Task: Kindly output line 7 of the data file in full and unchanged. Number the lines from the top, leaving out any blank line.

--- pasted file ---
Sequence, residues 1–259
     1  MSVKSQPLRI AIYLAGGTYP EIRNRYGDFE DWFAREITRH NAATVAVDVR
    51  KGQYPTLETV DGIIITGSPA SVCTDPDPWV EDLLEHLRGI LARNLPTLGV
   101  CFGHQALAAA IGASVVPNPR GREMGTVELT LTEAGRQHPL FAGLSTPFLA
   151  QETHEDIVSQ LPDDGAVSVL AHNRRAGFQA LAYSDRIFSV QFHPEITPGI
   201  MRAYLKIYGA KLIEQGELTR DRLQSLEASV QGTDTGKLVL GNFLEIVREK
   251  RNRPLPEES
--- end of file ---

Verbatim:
   251  RNRPLPEES